• Why do females do better than males? - Girls work harder, are better motivated and have more peer-group support
      • Research has shown that a 14-year-old girl can concentrate for 3-4x as long as a 14-year-old boy
      • Girls are more likely to bring the right equipment and hand work in on time
      • Francis - The development of the feminine identity in school settings involves a cooperative attitude towards teachers, other pupils and authority in general. This is linked to a supportive attitude to schoolwork, which is enhanced by their pro-school peer group
    • Why do boys underachieve? - Lower expectations
      • There's evidence that staff are less strict with male pupils; they're more likely to extend deadlines, be tolerant to disruptive behaviour, accept poor presented work, etc.
      • These low expectations create a self-fulfilling propechy
    • Why do boys underachieve? - Boys are more disruptive
      • The male peer group typically devalues schoolwork, so boys may aim to gain peer-group status through aggressive and disruptive classroom behaviour. They then lose learning time by being sent home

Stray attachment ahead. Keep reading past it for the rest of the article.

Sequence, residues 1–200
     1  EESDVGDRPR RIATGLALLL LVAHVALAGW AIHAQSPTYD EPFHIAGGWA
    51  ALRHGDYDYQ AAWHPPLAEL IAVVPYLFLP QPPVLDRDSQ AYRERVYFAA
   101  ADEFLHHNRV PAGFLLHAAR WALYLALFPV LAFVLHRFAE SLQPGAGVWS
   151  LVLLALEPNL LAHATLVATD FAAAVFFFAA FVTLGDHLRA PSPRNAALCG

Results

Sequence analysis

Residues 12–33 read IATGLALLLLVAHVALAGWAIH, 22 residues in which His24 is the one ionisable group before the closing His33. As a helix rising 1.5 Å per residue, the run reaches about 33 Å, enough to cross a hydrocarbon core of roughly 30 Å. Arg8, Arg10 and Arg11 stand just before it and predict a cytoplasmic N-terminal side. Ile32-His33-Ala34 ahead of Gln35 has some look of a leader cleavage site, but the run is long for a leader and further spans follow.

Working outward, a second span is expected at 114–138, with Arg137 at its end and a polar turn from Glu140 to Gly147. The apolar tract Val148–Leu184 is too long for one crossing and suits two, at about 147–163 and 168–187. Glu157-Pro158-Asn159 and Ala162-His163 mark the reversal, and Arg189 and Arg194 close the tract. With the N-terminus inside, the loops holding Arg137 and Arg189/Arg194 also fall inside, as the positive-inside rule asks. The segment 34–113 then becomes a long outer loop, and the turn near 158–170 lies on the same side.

• Boys are >3x more likely to be excluded (temporarily or permanently) and the most common reason for this is persistent disruptive behaviour
    • Why do boys underachieve? - Masculinity and the anti-learning subculture
      • Forde et al. (2006) - Peer-group pressure encourages boys to maintain a dominant masculine identity, which is partly developed through resistance to school as they see academic work as 'feminine'
      • This is more predominant with working-class males, who want to gain 'street cred': Epstein et al. (1998) - Working-class boys risk harassment, bullying and being labelled as 'gay' if they appeared to work hard at school
      • Shown in Wills' study
      • Teaching is often a female profession, meaning there is a lack of positive role models for boys (especially in primary schools)
    • Why do boys underachieve? - Declining traditional male employment opportunities and the male identity crisis
      • Man an Ghaill (1994) - The decline in traditional male working-class jobs may cause boys to lack motivation, think their prospects are limited and have low self-esteem
      • The collapse of the traditional male 'breadwinner' role has caused a crisis of masculinity; males feel insecure about their role
      • They attempt to develop a positive self-image through 'laddish' behaviour, aggressive macho bravado and anti-school activity
    • Why do males and females tend to study different subjects? - Gender socialisation
      • It's rooted in both primary and secondary sociialisation